While not traditional dog toys, pets are sometimes attracted to them during play. These items contain a chemical that can be toxic when ingested.

Glow jewelry and glow sticks, while popular among party-goers, can pose serious risks to dogs. These items contain dibutyl phthalate (DBP), a clear to yellow, oily liquid that is known for its very bitter taste. Although DBP is not highly toxic, it can cause dramatic symptoms in dogs. Even a single bite into a glow stick or piece of glow jewelry can cause the DBP to leak, leading to profuse drooling, gagging, and retching due to its unpleasant taste and chemical properties.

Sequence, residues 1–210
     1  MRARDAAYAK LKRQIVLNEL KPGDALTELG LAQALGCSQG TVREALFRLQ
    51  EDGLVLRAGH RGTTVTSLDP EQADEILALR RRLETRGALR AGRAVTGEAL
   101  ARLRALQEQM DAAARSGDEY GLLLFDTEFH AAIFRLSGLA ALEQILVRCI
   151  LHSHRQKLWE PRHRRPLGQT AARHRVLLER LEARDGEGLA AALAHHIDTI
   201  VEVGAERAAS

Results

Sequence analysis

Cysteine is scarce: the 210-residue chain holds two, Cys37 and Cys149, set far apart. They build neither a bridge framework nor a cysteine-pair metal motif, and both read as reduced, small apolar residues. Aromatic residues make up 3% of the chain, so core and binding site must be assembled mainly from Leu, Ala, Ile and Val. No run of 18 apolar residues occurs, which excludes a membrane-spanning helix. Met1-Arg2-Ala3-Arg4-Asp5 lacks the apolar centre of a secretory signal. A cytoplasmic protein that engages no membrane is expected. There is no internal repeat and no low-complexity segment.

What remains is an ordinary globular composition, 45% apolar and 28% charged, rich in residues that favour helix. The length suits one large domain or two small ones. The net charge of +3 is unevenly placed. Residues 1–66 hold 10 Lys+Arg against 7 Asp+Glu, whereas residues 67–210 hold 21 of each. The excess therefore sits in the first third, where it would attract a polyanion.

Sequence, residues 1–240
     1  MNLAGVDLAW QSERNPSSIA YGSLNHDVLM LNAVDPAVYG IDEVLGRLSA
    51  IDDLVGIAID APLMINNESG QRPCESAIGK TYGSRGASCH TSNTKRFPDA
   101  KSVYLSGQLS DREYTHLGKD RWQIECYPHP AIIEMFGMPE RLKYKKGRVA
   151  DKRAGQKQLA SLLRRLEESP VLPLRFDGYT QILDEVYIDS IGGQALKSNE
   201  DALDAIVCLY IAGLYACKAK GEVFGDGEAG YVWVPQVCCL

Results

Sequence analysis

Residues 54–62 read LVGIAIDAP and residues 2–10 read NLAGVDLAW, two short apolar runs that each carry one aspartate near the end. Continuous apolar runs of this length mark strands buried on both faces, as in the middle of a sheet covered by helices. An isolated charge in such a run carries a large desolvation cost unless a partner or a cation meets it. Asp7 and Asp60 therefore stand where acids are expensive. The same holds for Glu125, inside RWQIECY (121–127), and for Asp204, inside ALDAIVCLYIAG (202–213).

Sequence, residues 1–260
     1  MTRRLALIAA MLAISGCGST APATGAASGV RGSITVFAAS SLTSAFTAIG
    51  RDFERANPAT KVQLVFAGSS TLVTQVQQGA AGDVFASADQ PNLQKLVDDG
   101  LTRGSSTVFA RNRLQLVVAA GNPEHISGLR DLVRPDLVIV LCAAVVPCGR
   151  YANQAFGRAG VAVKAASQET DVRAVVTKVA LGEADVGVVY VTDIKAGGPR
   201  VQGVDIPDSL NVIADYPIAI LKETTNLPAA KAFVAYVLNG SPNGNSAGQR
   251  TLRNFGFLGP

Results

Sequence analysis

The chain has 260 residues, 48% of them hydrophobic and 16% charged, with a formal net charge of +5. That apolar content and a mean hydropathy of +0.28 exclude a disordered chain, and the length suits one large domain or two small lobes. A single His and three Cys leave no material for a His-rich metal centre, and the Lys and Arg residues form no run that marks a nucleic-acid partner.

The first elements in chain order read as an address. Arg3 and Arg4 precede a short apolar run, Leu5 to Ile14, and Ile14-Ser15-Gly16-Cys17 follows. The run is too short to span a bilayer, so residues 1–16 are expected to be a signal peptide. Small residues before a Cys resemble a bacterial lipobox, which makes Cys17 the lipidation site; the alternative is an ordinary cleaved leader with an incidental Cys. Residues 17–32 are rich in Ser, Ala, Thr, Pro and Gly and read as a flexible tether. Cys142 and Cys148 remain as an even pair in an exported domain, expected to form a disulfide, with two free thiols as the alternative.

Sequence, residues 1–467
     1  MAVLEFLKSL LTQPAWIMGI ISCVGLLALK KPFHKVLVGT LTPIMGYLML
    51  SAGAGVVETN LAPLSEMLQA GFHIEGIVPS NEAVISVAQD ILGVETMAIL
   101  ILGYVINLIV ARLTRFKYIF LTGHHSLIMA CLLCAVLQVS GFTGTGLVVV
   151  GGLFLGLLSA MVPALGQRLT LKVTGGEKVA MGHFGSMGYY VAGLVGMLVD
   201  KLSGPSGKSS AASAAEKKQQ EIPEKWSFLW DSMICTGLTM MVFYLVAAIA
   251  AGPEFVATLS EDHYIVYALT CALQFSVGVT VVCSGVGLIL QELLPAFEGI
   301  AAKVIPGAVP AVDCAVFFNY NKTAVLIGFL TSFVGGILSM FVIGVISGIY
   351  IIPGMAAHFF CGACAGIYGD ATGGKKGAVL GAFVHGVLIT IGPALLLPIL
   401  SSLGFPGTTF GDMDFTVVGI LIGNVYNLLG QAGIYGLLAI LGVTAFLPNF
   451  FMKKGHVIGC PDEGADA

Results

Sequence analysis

Corgi wearing glow collar jewellery for dogs

Beyond these immediate reactions, DBP can also cause mild irritation to a dog’s mouth and digestive system. Furthermore, the physical form of glow sticks and jewelry presents additional risks, such as choking and obstruction hazards. If a piece becomes lodged in a dog’s throat or gastrointestinal tract, it can be life-threatening, requiring urgent veterinary care. Therefore, it is crucial to keep such items out of reach of pets and ensure they play with safe, dog-appropriate toys that pose no chemical or physical risks.

10- Toys Treated with Fire Retardants or Stain Guards:

Some toys may be treated with chemicals to make them more durable, but these substances can be toxic if ingested.

Since the 1970s, regulations have required furniture to be treated with flame-retardant chemicals to reduce fire-related fatalities. Toys were one of the listed materials that could add fuel to the fire.